by Marcela Perez
Pollution has caused adverse changes in the environment since the Industrial Revolution. Today, these human-made changes create a huge disturbance to life that directly impact our health. Mass forest destruction from high ground-level ozone formation interfere with the natural process of photosynthesis.1 Showers of sulfur dioxide and nitrogen oxide from exhaust of chemicals take the form of acid rain.2 Heavy nitrogen deposits stimulate an overabundance of algae and plants that triggers a domino effect called eutrophication that ends with ocean acidification and organism death.3 And while these massive displays of environmental destruction are still not enough to convince society to take the necessary steps for climate change control, the most potent impact pollution might have on humankind might barely be visible to the human eye. Recent studies have shown that microplastics, particles less than 5 mm in diameter4, can be found in the human body.5 These particles make their way into the body through consumption of foods contaminated by microplastics, such as commercial salt, the surfaces of fruits and vegetables, and packaged drinks with plastic particles from packaging. These tiny particles and their large-scale impacts are highlighted by scientific authors Kristy Blackburn and Dannielle Green within “The potential effects of microplastics on human health: What is known and what is unknown.”6
What we know about its impacts
The research paper points out how microplastics impose serious health risks through three mechanisms: chemical, biological, and physical.6 From a chemical standpoint, additives and dyes that leach microplastics increase the likelihood of allergies, cancer, and reproductive or developmental issues. A biological perspective demonstrates that dangerous pathogens have been found floating on microplastics, making transmission easier and increasing susceptibility to infection. Inhalation and ingestion of microplastics reflects the physical mechanism – which could result in respiratory disease, lipid accumulation, and inflammation. Inhalation is another form of consumption; with the production of plastic textiles on the rise, microplastic contamination in the atmosphere is inevitable. Plastic-based synthetic fabrics, such as polyester and nylon, release airborne plastic fibers that make their way into our lungs. However microplastics might get in, knowledge around the impacts of microplastics to the human body is of more substantial interest.
Though these current implications appear exceptionally harmful, it is still difficult to quantify how much microplastic is actually ingested and inhaled before it accumulates in the human body. While there is still much more to discover about the various impacts these particles have on the human body, what is known for certain is that microplastic pollution is a serious problem and results from our neglect of the environment’s wellbeing. Governor Jay Inslee once said, “We are the first generation to feel the impact of climate change, and the last generation that can do something about it.”7 To see change we must take action now, even if that action is as minor as changing your recycling habits. Microplastics and their impacts to human health and the environment should serve as a wake up call about how detrimental our actions can be to ourselves and the world around us.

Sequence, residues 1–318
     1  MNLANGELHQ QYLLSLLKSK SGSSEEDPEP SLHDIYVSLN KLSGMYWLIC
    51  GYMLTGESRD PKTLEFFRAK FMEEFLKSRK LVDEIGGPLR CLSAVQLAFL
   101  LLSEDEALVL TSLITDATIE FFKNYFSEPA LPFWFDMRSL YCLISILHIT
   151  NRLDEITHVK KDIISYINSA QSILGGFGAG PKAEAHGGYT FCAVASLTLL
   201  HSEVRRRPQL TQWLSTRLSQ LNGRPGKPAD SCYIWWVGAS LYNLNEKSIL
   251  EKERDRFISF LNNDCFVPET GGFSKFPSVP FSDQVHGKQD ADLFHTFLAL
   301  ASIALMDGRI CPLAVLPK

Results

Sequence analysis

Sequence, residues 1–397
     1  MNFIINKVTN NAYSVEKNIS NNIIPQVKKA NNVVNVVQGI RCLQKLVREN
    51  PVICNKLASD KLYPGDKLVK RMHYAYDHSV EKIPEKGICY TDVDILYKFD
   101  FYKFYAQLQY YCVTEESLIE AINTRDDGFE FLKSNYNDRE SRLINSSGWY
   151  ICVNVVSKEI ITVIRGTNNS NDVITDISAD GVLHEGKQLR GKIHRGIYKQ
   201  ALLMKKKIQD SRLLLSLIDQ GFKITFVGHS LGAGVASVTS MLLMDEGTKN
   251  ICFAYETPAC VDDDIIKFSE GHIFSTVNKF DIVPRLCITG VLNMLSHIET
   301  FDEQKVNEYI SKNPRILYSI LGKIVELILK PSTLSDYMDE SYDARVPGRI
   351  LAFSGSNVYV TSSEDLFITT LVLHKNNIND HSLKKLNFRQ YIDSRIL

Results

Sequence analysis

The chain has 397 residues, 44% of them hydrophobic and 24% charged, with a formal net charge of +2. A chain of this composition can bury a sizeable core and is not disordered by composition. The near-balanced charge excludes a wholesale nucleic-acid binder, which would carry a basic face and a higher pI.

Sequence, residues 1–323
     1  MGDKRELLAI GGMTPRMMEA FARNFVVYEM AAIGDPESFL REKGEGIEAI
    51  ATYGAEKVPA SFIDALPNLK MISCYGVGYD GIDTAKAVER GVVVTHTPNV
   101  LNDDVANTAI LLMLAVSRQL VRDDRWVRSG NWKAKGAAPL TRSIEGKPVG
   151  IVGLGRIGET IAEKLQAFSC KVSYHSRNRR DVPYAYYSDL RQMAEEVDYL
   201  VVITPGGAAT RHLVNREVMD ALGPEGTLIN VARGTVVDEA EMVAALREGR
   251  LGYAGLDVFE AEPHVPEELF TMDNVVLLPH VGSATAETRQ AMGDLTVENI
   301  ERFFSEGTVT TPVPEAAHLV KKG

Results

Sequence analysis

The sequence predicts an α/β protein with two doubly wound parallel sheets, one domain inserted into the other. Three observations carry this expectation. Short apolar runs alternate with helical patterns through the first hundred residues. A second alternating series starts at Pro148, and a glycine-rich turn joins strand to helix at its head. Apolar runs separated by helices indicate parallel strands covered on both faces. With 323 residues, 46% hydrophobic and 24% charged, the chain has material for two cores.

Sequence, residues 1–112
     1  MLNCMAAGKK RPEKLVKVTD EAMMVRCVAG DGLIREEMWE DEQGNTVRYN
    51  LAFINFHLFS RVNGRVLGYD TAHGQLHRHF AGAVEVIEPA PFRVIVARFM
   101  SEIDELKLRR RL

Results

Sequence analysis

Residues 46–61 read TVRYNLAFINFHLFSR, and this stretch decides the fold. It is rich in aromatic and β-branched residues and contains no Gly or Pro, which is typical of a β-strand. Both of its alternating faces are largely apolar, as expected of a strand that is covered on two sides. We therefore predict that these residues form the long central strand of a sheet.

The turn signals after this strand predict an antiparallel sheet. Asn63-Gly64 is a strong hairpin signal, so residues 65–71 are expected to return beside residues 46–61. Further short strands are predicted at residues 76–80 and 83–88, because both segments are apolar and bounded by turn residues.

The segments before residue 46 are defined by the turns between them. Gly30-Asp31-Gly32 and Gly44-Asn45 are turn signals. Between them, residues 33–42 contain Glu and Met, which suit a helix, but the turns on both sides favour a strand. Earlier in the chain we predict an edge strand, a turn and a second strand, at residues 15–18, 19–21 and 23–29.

- Environmental Protection Agency. (n.d.). Ecosystem Effects of Ozone Pollution. EPA. Retrieved April 17, 2023, from https://www.epa.gov/ground-level-ozone-pollution/ecosystem-effects-ozone-pollution
- Environmental Protection Agency. (2022, June 24). What is Acid Rain? EPA. Retrieved April 17, 2023, from https://www.epa.gov/acidrain/what-acid-rain#:~:text=Acid%20rain%20results%20when%20sulfur,before%20falling%20to%20the%20ground
- Ocean acidification. National Oceanic and Atmospheric Administration. (2020, April 1). Retrieved April 17, 2023, from https://www.noaa.gov/education/resource-collections/ocean-coasts/ocean-acidification#:~:text=Because%20of%20human%2Ddriven%20increased,the%20ocean%20becomes%20more%20acidic
- US Department of Commerce, N. O. and A. A. (2016, April 13). What are microplastics? NOAA’s National Ocean Service. Retrieved April 17, 2023, from https://oceanservice.noaa.gov/facts/microplastics.html
- Carrington, D. (2022, March 24). Microplastics found in human blood for first time. The Guardian. Retrieved April 17, 2023, from https://www.theguardian.com/environment/2022/mar/24/microplastics-found-in-human-blood-for-first-time#:~:text=Microplastic%20pollution%20has%20been%20detected,and%20may%20lodge%20in%20organs
- Blackburn, K., & Green, D. (2021). The potential effects of microplastics on human health: What is known and what is unknown. Ambio, 51(3), 518–530. https://doi.org/10.1007/s13280-021-01589-9
- Woodruff, J. (2019, March 20). Gov. Jay Inslee on climate change, tax policy and reparations. PBS. Retrieved April 17, 2023, from https://www.pbs.org/newshour/show/gov-jay-inslee-on-climate-change-tax-policy-and-reparations
- pcess609. (n.d.). Close up side shot of microplastics lay on people hand.Concept of water pollution and global warming. Climate change idea. Getty Images (Ser. 1317882487). photograph, Thailand; Getty Images. Retrieved April 17, 2023, from https://www.gettyimages.com/detail/photo/close-up-side-shot-of-microplastics-lay-on-people-royalty-free-image/1317882487?utm_medium=organic&utm_source=google&utm_campaign=iptcurl.